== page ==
Since 2011 our observatory is a member of
GLORIA (GLObal Robotic telescopes
Intelligent Array for e-Science) project - wide international collaboration
of 13 scientific institutions from 8 countries aiming at opening public
access to robotic telescopes, as well as propagating astronomy in general.
In particular, members of the project regularly organize events dedicated
to various interesting astronomical phenomena and events - solar and lunar
eclipses, transit of Venus, etc.
Contact - Karpov S.
A total lunar eclipse will occur on April 15th, 2014, the first in two and
half years. This marks the first of four eclipses occurring about 6 months
apart, called an eclipse tetrad. The last tetrad was a decade ago, and
the next is not due until 2032. GLORIA will travel to Peru to broadcast
the event live.
What more fascinating place to observe an astronomical event than the land
of the Incas? This pre-Columbian civilisation devoted a lot of time to
the study of the sky and worshipped the Sun god, Inti. Recording the
movements of the Sun and stars was significant to the Incas both for
religious reasons and also because these movements were related to seasonal
changes that were important for agriculture. The famous Temple of the
Sun (Coricancha) in Cusco has forty-one directions marked out. Some of
these correspond to astronomical alignments, such as the direction of
the rising or setting sun at the June and December solstices.
Lunar eclipses occur when the Moon passes into the Earth's shadow. This
does not happen every month, because the moon's orbit is tilted relative
to the Earth's. Unlike solar eclipses, lunar eclipses can be seen from
anywhere on the planet once the Moon is above the horizon at the time of
On April 15th a total eclipse will be visible from the Americas and the
Atlantic Ocean. If you live in Europe, depending on your location, you may
get to see the Moon start its passage into Earth's shadow (the so-called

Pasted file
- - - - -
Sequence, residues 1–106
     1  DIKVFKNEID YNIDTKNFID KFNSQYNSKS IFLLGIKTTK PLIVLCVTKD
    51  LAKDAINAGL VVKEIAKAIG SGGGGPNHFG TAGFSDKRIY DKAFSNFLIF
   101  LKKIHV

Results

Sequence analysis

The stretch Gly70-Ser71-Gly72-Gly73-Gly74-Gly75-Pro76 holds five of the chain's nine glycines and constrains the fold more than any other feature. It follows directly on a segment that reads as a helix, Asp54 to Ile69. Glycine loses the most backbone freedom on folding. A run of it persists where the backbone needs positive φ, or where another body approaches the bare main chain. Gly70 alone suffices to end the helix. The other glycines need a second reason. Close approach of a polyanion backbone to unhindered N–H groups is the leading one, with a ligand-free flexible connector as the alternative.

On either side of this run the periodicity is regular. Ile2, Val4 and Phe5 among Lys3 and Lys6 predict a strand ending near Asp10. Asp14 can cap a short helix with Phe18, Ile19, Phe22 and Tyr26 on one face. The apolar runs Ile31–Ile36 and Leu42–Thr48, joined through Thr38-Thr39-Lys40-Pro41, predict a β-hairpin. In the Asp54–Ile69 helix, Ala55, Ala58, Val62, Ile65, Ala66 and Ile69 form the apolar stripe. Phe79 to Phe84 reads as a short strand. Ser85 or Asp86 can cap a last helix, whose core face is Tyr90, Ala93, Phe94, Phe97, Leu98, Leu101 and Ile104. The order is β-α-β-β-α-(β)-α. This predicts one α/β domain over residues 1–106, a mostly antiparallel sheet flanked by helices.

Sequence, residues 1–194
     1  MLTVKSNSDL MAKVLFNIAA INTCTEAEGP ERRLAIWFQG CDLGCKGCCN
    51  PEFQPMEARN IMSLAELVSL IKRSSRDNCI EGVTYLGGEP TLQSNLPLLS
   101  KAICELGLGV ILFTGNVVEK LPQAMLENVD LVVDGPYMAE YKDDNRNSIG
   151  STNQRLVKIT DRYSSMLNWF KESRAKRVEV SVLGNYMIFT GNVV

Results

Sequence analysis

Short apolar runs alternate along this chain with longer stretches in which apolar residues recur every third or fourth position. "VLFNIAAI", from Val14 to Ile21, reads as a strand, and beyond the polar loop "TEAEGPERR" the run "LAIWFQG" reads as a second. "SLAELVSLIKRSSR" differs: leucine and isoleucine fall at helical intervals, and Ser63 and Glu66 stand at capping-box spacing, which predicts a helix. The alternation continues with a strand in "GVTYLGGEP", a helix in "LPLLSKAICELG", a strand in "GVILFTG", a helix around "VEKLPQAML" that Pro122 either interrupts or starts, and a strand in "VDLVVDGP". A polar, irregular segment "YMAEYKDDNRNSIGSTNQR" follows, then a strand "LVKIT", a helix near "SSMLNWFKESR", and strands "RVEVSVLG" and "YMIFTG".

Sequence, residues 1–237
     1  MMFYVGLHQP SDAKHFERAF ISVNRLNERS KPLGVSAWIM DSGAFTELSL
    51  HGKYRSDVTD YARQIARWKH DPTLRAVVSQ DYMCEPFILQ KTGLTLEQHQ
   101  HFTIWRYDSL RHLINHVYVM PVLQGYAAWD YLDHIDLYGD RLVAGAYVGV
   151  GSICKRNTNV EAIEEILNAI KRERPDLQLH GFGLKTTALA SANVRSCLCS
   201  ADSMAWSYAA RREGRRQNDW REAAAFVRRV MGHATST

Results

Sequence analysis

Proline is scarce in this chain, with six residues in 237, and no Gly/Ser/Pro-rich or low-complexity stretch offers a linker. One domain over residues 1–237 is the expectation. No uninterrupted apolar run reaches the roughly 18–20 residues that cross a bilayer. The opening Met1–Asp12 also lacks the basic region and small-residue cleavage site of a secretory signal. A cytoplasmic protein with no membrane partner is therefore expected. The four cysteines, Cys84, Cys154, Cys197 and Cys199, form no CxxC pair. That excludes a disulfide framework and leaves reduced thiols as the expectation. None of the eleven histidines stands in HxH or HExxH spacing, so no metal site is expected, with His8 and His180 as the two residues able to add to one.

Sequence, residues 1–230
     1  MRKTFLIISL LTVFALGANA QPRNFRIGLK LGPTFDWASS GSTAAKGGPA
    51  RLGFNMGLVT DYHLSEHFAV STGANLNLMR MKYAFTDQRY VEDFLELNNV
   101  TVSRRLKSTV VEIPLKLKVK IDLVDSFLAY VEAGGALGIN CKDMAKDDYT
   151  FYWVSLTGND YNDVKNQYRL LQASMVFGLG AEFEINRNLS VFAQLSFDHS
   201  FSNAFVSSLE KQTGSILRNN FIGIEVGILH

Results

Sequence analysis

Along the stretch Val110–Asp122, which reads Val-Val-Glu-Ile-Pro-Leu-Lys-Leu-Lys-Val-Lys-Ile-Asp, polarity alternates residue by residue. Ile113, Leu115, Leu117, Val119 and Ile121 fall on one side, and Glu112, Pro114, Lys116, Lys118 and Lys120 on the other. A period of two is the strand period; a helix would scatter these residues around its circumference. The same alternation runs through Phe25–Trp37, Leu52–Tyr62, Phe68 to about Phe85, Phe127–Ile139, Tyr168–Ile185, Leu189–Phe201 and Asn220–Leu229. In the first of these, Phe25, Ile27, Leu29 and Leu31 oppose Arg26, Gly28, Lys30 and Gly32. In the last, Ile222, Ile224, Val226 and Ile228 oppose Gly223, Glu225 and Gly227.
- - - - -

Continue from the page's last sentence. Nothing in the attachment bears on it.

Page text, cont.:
"penumbral" eclipse phase) at 07:58 CEST on April 15th. However, changes
in the Moon's brightness during this phase, lasting about an hour, are
minimal and will be tough to spot. When the Moon enters the darkest portion
(or "umbra") of Earth's shadow, beginning at 09:06 CEST, the Moon will have
already set for most of Europe. A partial eclipse will be visible from
the Canary Islands.
A team of GLORIA astronomers will celebrate this astronomical spectacle
with a live broadcast from the ancient Inca site of Saksaywaman, a walled
complex on the northern outskirts of the city of Cusco, in Peru. During
totality, viewers will see that the Moon does not disappear from view, but
turns a reddish colour. The Earth's atmosphere, extending about 80 km beyond
the Earth's diameter, acts as a lens, bending the sunlight. It also
effectively filters out the blue components of the Sun's light, leaving
more red light behind to be reflected from the Moon, giving it the
characteristic coppery glow.
GLORIA will also observe the event from Teide volcano. Located on the
Canarian island of Tenerife, its altitude of 3750m offers an intriguing
observational prospect. When a total lunar eclipse occurs close to sunrise
or sunset at Teide, the shadow of the volcano aligns perfectly with the
eclipsed Moon. This unique phenomenon will be observable during the eclipse
of April 15th and will be broadcast live.
For more information on the live broadcast timings and other GLORIA
activities please go to
the project web site.
GLORIA is a three-year project
financed by the Seventh Framework Program of the European Union
(FP7/2007-2012) under agreement number 283783. The project, started in
October 2011, involves 13 institutions from 8 countries. Please see
GLORIA stands for "GLObal Robotic-telescopes Intelligent Array". GLORIA
will be the first free and open- access network of robotic telescopes in
the world. It will be a Web 2.0 environment where users can do research
in astronomy by observing with robotic telescopes, and/or by analysing data
that other users have acquired with GLORIA.